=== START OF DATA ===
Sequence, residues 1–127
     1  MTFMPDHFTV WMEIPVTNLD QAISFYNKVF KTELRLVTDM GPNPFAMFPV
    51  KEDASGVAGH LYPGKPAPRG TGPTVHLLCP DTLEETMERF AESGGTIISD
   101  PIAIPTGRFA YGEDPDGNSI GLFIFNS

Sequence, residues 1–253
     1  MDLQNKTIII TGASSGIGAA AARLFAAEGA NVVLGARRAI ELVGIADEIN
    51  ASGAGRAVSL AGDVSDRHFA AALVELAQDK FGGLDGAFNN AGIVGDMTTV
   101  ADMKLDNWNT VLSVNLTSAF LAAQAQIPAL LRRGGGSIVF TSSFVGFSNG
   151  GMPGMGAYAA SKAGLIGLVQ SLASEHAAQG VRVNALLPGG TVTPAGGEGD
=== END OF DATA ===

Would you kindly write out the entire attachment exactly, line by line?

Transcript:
Sequence, residues 1–127
     1  MTFMPDHFTV WMEIPVTNLD QAISFYNKVF KTELRLVTDM GPNPFAMFPV
    51  KEDASGVAGH LYPGKPAPRG TGPTVHLLCP DTLEETMERF AESGGTIISD
   101  PIAIPTGRFA YGEDPDGNSI GLFIFNS

Sequence, residues 1–253
     1  MDLQNKTIII TGASSGIGAA AARLFAAEGA NVVLGARRAI ELVGIADEIN
    51  ASGAGRAVSL AGDVSDRHFA AALVELAQDK FGGLDGAFNN AGIVGDMTTV
   101  ADMKLDNWNT VLSVNLTSAF LAAQAQIPAL LRRGGGSIVF TSSFVGFSNG
   151  GMPGMGAYAA SKAGLIGLVQ SLASEHAAQG VRVNALLPGG TVTPAGGEGD